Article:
This course serves as a physics club, meeting weekly to discuss and analyze real-world problems in physical sciences. A broad range of topics will be considered, such as energy production, space and atmospheric phenomena, astrophysics, nano-science, and others. Students will use basic physics knowledge to produce simplified and perhaps speculative models of complex natural phenomena.
In addition to regular assignments, students will also compete in solving challenge problems each quarter with prizes given in recognition of the best solutions. Instructors: Refael, Patterson. Oral and Written Communication. Provides practice and guidance in oral and written communication of material related to contemporary physics research. Students will choose a topic of interest, make presentations of this material in a variety of formats, and, through a guided process, draft and revise a technical or review article on the topic.
The course is intended for senior physics majors. Instructor: Hitlin. Ph 77 abc. Advanced Physics Laboratory. Advanced preparation for laboratory research. Dual emphasis on practical skills used in modern research groups and historic experiments that illuminate important theoretical concepts.
Topics include advanced signal acquisition, conditioning, and data processing, introductions to widely-used optical devices and techniques, laser-frequency stabilization, and classic experiments such as magnetic resonance, optical pumping, and doppler-free spectroscopy. Fundamentals of vacuum engineering, thin-film sample growth, and cryogenics are occasionally offered. Special topics and student-led projects are available on request. Ay 78 abc. Senior Thesis. Previous SURF or independent study work can be useful experience.
Course is open to senior astronomy majors only. Research must be supervised by a faculty member. The student will work with an advisor to formulate a research project, conduct original research, present new results, and evaluate them in the context of previously published work in the field. During the first term, the student should be fully engaged in and make significant progress on the research project. During second term, the research continues and an outline of the thesis itself should be reviewed with the advisor and the option representative.
During third term, the research work is completed and the focus should turn to thesis writing. The written thesis of pages must be completed and approved by the adviser and the option representative before the end of the third term. Ph 78 abc.
Open only to senior physics majors. This research must be supervised by a faculty member, the student's thesis adviser. Two minute presentations to the Physics Undergraduate Committee are required, one at the end of the first term and the second at the midterm week of the third term. The written thesis must be completed and distributed to the committee one week before the second presentation. A grade will not be assigned in Ph 78 until the end of the third term. P grades will be given the first two terms, and then changed at the end of the course to the appropriate letter grade.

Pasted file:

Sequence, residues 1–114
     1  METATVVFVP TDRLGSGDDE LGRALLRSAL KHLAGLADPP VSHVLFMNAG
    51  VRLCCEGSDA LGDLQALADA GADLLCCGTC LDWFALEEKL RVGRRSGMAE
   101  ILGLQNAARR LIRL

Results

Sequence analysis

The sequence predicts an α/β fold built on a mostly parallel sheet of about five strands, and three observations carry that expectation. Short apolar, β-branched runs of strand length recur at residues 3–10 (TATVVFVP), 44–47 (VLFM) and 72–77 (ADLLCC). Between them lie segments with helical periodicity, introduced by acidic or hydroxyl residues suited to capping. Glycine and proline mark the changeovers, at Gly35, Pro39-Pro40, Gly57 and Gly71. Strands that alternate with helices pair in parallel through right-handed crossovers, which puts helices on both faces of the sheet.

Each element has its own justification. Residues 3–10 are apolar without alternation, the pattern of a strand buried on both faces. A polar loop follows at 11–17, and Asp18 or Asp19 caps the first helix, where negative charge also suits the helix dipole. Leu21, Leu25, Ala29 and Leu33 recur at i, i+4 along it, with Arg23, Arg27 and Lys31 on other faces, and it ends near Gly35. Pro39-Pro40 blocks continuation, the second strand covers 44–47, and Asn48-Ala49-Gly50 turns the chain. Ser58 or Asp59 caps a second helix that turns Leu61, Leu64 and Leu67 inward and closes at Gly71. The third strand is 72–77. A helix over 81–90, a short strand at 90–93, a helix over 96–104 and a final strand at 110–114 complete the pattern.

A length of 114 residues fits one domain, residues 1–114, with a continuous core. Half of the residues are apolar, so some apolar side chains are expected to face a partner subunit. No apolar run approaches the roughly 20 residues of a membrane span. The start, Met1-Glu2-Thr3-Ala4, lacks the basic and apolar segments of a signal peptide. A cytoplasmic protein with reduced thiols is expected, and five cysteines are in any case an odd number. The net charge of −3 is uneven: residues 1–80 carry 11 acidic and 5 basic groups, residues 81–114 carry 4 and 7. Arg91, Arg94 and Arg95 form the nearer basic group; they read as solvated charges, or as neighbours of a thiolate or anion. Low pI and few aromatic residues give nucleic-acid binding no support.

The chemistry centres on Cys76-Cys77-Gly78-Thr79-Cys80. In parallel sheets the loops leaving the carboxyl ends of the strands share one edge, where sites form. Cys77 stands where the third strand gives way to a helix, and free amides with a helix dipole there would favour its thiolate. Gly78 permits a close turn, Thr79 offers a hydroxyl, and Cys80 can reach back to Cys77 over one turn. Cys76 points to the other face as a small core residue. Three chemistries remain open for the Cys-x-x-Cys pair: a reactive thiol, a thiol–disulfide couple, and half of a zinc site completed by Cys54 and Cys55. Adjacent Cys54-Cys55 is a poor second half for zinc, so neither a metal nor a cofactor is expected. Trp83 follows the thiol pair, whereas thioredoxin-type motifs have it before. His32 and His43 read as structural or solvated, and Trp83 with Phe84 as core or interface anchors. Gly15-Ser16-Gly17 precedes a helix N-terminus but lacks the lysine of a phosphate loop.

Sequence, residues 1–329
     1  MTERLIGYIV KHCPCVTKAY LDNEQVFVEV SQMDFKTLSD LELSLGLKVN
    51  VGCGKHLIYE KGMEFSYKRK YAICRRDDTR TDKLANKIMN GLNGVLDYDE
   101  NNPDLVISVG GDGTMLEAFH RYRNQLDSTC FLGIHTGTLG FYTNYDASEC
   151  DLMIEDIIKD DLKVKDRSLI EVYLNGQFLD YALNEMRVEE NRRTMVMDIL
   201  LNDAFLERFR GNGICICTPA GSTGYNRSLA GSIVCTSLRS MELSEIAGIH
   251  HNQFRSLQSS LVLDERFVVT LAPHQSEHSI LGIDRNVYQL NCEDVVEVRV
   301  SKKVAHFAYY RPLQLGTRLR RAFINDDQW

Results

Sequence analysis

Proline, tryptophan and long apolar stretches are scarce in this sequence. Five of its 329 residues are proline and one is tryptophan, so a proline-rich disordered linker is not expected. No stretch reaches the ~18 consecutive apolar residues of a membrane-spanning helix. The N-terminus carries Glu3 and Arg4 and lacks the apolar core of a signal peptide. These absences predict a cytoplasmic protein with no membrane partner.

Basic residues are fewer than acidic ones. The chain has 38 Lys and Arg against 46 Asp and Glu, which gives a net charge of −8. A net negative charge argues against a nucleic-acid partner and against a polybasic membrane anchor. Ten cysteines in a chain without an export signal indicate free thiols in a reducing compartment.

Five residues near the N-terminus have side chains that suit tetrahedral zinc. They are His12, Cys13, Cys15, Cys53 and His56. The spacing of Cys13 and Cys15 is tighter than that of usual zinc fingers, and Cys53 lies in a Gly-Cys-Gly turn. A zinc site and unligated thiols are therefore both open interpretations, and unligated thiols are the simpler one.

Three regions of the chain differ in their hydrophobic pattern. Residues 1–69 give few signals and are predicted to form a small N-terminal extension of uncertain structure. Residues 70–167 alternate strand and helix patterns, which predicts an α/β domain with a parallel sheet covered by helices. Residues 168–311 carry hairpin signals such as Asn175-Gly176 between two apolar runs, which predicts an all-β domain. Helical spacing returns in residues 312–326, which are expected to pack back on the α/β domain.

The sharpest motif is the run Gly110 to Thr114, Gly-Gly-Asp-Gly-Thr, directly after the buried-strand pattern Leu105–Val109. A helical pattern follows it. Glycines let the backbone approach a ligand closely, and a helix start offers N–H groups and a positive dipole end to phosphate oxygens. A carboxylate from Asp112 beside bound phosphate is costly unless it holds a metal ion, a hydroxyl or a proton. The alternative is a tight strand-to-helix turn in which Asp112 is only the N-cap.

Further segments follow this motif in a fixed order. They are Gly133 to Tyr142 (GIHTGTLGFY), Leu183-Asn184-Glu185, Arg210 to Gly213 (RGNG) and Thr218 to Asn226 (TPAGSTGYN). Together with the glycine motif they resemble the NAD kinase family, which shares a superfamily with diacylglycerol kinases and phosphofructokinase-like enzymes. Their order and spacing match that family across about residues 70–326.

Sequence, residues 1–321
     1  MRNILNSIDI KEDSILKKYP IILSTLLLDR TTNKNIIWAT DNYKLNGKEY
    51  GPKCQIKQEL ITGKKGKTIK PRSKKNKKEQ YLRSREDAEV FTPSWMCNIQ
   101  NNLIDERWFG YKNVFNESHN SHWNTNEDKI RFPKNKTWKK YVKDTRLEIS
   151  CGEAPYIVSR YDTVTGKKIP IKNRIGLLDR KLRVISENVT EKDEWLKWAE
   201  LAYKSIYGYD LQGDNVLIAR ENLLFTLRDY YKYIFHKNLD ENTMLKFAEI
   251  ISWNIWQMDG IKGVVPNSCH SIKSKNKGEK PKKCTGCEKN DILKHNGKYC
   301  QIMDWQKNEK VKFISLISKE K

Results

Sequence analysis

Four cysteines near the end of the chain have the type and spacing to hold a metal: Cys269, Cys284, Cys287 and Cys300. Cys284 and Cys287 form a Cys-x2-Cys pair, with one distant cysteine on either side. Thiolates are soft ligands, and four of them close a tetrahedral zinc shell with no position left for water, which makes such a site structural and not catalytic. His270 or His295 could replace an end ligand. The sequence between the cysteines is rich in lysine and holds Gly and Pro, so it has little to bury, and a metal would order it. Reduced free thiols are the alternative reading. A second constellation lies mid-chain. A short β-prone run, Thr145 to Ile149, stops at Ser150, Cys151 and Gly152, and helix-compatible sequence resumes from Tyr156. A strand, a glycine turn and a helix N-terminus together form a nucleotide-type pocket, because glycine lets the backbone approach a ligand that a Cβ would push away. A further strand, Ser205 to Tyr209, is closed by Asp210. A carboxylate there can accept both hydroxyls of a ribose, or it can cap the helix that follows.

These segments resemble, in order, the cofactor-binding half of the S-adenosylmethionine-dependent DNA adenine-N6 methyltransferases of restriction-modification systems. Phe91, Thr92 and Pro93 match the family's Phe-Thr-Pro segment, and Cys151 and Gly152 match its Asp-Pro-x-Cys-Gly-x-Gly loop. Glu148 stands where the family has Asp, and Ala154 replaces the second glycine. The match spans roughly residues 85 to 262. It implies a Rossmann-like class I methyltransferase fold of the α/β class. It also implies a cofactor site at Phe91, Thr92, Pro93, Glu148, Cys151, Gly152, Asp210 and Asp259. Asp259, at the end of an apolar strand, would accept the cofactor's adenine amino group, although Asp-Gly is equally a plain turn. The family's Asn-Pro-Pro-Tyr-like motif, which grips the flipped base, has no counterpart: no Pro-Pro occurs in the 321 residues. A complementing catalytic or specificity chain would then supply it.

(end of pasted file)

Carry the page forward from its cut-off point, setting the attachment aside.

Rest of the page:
Ma 92 abc. Open only to senior mathematics majors who are qualified to pursue independent reading and research. This research must be supervised by a faculty member.
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The research must begin in the first term of the senior year and will normally follow up on an earlier SURF or independent reading project. Two short presentations to a thesis committee are required: the first at the end of the first term and the second at the midterm week of the third term. A draft of the written thesis must be completed and distributed to the committee one week before the second presentation. Research in Mathematics. Units to be arranged in accordance with work accomplished:. This course is designed to allow students to continue or expand summer research projects and to work on new projects.
Students registering for more than 6 units of Ma 97 must submit a brief no more than 3 pages written report outlining the work completed to the undergraduate option rep at the end of the term. Approval from the research supervisor and student's advisor must be granted prior to registration. Independent Reading. Occasionally a reading course will be offered after student consultation with a potential supervisor. Topics, hours, and units by arrangement. Physics of Stars. Physics of stellar interiors and atmospheres.
Properties of stars, stellar spectra, radiative transfer, line formation. Stellar structure, stellar evolution. Nucleosynthesis in stars. Stellar oscillations. Instructor: Fuller. Order-of-Magnitude Physics. Emphasis will be on using basic physics to understand complicated systems. Examples will be selected from properties of materials, geophysics, weather, planetary science, astrophysics, cosmology, biomechanics, etc. Offered in alternate years.
Physics of the Interstellar Medium. An introduction to observations of the inter-stellar medium and relevant physical processes. The structure and hydrodynamic evolution of ionized hydrogen regions associated with massive stars and supernovae, thermal balance in neutral and ionized phases, star formation and global models for the interstellar medium. Relativistic Astrophysics. This course is designed primarily for junior and senior undergraduates in astrophysics and physics. Instructor: Instructor: Kasliwal.